Steamed Crabs


Spending many fun-filled days boating on the Potomac river and eating steamed crabs at all the local crab houses, I set out, with the help of my best friend Greg, to duplicate the cooking technique and spice mixtures used at these restaurants. Captain John's Crab House uses mostly salt in their recipe, where Parker's Crab Shore uses mostly spice. This recipe fits in somewhere between the two.


Crab Seasoning


Crab Seasoning Mix

Note: If J.O. brand seafood seasoning is not available in your area, simply substitute Old Bay (available nationwide) instead.

Click here for recipes to make your own Chesapeake Bay style seafood seasoning mix.


Cooking Technique


Crabs in Steamer2.GIF (27808 bytes)

Steaming Crabs

Fill a crab steamer with 1 part water and 1 part apple cider vinegar. Heat on high until the liquid comes to a full rolling boil. Add live hard shell crabs to the steamer sprinkling each layer generously with the dry seasoning mix.

Note that you can easily make your own steamer. Just use any large pot with a makeshift floor to keep the crabs out of the steaming liquids.

Cover and wait for wisps of steam to escape from under lid, about 10 minutes. Continue cooking over high heat for an additional 20-30 minutes until crabs turn bright orange. If shells are dark red or have reddish-green patches, then the crabs are not yet fully cooked.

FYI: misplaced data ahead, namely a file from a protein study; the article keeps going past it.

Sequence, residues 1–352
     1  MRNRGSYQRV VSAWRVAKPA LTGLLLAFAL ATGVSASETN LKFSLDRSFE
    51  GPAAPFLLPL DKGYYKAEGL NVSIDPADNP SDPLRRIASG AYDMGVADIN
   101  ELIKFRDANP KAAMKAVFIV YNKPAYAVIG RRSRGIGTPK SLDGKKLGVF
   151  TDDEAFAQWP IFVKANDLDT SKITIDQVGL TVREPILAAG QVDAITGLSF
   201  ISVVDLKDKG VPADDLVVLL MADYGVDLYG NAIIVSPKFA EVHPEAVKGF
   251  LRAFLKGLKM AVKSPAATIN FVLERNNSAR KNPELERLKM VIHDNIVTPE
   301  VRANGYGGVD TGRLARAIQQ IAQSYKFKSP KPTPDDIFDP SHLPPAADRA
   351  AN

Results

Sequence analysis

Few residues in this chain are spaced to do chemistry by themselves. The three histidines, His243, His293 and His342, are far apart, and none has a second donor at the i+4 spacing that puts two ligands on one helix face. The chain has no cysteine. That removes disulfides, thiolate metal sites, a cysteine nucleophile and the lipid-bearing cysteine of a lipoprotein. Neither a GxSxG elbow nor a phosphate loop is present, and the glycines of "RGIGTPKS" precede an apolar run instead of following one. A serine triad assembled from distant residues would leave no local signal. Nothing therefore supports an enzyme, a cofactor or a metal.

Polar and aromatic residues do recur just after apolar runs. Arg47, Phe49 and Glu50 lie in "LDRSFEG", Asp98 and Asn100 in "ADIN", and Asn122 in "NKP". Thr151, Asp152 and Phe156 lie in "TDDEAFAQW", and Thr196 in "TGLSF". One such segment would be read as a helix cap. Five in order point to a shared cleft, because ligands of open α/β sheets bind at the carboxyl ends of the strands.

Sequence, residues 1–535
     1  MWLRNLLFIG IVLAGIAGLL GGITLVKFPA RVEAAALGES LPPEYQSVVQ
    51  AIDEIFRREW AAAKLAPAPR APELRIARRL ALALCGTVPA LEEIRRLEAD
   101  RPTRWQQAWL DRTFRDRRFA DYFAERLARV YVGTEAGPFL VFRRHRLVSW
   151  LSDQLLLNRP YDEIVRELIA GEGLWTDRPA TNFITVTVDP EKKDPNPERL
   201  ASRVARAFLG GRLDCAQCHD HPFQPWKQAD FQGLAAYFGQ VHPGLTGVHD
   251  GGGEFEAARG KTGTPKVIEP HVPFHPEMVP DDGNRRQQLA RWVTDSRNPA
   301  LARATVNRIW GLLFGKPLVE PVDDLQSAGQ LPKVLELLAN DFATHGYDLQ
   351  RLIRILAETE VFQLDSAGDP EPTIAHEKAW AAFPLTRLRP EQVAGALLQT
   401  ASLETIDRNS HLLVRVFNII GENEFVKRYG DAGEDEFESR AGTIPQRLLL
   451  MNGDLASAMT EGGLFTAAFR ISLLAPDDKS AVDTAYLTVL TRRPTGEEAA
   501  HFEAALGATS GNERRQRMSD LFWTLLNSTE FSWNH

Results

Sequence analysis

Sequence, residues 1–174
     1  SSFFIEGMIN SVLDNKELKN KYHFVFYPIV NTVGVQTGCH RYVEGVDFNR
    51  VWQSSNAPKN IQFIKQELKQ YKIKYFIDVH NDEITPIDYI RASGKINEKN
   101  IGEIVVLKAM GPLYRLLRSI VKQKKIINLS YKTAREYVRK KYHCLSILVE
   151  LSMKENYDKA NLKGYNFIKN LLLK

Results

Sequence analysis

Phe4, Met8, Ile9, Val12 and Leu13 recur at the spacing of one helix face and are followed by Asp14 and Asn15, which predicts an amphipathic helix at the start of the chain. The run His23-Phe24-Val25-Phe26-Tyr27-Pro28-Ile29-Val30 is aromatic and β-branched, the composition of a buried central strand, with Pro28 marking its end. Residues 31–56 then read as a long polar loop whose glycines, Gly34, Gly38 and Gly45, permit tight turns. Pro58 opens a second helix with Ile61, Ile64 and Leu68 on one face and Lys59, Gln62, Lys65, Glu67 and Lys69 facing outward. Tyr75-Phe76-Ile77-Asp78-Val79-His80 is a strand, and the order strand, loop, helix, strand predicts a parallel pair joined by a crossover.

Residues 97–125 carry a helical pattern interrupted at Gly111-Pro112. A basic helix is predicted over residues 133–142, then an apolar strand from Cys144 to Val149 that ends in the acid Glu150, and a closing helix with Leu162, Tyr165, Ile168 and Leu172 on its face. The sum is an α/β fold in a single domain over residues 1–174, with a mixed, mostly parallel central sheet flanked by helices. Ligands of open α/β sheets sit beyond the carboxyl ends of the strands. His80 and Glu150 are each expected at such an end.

Remove crabs from steamer and place on a large platter and sprinkle lightly with the dry seasoning mix. It is best to eat the crabs on a newspaper-covered table which makes cleanup a snap--simply roll up your "table cloth", scraps and all, and toss in the trash. Serve with saltine crackers, small containers of apple cider vinegar (some people like to dip the crab meat into it) and plenty of cold beverages!


Important Safety Tip


Important Note

It is extremely important to cook only living (live) crabs. Like all fresh seafood, crabs are extremely perishable and spoil rapidly. Since it is impossible to know how long a dead crab has been dead (or if it has spoiled), you should never attempt to cook a dead crab. Also, never use the same utensils for handling live (uncooked) crabs and cooked crabs since bacterial cross-contamination may occur.



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